spaceyhackerlady spaceyhackerlady writes  |  more than 2 years ago

spaceyhackerlady (462530) writes "We're looking at some new development, and a big question mark is the little boxes around the edge of the data centre — the NTP servers, the monitoring boxes, the stuff that supports and interfaces with the Big Iron that does the real work.

The last time I visited a hosting farm I saw shelves of Mac Minis, but that was 5 years ago. What do people like now for their little support boxes?"
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Cool embedded computers?

spaceyhackerlady spaceyhackerlady writes  |  more than 6 years ago

spaceyhackerlady writes "I had a long talk with my boss yesterday about some possible new projects, and several involved deploying little embedded computers to do interesting things.

I've played with several tiny embedded Linux-based SBCs. My fave so far is Gumstix, but what other cool ones should I know about? The main requirements are ethernet and RS-232 serial I/O. Audio plus enough MIPS for some DSP is nice to have. Linux, naturally. This is Slashdot, after all. :-)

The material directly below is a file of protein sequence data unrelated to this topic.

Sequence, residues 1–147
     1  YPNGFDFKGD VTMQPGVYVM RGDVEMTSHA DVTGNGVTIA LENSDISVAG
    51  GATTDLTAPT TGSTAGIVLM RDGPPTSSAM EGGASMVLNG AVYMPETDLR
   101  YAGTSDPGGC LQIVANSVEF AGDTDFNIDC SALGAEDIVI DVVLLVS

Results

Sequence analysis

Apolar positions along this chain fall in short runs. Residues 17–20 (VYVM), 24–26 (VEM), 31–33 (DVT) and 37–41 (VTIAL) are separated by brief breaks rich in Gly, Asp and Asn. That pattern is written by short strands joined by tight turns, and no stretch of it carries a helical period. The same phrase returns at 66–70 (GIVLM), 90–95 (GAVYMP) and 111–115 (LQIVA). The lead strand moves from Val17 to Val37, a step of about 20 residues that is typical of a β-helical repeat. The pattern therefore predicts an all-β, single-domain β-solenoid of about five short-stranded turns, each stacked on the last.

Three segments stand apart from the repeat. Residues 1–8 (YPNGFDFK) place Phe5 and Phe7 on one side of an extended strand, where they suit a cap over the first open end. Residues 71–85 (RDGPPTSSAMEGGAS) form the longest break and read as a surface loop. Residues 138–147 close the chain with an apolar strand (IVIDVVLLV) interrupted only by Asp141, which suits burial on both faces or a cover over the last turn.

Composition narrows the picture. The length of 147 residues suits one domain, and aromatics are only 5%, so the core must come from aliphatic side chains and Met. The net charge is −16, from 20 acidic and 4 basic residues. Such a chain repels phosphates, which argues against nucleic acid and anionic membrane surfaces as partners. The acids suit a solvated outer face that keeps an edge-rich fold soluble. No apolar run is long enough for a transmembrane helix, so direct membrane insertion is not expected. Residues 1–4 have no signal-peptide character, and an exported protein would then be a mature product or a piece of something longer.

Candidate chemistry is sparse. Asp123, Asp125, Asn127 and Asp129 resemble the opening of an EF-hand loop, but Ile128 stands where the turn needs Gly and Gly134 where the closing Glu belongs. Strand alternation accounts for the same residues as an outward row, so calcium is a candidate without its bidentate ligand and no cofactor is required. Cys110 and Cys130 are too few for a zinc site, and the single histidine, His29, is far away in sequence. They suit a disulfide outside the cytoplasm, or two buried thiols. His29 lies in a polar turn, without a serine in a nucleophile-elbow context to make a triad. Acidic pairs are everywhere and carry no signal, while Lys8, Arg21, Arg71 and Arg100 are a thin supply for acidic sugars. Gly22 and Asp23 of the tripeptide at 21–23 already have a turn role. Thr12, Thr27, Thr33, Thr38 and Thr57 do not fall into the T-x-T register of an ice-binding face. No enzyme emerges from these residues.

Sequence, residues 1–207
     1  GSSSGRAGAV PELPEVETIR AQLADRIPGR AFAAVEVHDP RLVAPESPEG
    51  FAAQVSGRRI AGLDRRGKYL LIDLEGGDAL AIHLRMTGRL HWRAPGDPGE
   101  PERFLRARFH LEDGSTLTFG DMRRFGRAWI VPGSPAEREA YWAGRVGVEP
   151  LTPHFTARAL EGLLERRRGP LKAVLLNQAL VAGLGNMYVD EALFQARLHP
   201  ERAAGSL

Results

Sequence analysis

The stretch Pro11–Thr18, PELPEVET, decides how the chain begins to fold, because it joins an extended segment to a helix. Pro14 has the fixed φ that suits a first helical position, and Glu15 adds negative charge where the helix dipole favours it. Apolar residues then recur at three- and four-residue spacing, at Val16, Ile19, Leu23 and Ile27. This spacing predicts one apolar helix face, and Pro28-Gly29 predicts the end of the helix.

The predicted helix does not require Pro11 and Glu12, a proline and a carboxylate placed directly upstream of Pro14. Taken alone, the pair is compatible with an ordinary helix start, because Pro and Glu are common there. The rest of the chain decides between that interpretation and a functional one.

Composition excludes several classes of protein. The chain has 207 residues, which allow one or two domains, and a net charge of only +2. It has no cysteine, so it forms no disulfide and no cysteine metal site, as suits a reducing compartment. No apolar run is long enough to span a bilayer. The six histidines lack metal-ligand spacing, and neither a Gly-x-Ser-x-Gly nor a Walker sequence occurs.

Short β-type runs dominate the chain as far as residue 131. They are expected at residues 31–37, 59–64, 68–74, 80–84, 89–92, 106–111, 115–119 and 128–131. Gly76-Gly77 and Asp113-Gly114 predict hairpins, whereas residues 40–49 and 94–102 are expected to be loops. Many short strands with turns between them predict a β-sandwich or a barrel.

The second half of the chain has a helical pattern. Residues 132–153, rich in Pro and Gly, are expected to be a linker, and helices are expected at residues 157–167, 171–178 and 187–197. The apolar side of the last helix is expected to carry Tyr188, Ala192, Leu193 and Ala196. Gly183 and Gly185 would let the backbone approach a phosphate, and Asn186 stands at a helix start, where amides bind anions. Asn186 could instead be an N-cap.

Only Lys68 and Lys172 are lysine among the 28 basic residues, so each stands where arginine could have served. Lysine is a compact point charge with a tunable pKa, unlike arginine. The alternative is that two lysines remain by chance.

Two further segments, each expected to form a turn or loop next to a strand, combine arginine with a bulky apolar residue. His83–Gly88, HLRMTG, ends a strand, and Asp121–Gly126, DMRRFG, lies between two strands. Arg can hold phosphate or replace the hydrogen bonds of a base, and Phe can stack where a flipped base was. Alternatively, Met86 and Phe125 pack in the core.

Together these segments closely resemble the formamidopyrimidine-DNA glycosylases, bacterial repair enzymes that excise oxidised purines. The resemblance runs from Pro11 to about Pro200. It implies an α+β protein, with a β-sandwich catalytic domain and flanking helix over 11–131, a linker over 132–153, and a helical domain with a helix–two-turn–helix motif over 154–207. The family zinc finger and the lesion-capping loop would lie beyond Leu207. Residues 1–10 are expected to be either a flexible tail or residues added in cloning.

What tiny embedded Linux computers have you messed with lately?"
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spaceyhackerlady spaceyhackerlady writes  |  more than 7 years ago

spaceyhackerlady writes "Our Marketing manager has had the brainwave that we should be more aggressive with our competition, so he decided that we should adopt Klingon culture around the office, effective April 1. This includes porting our systems to Var'aq, the official Klingon programming language. Something to do with killing (or at least maiming) the competition, he says.

Has anybody ever done this with a mainly Java-based system? Any good migration tools out there?

Qapla'!

...laura"
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spaceyhackerlady spaceyhackerlady writes  |  more than 7 years ago

spaceyhackerlady writes "I have several spam honeypot email addresses, and one of them recently started receiving spam from a Canadian discount warehouse store, Costco.

The emails have most of the usual hallmarks of spam, right down to the note at the bottom that says they're sending it because I requested it. Yeah, right.

I've asked when and how a non-existent person could sign up for spam, and have only gotten a form letter saying they don't have that information. Again, yeah, right.

So, Slashdotters, how would you tell a legit company that they have either been had by spammers, or that they've pulled a really idiotic stunt.

...laura, in no danger of being a Costco customer"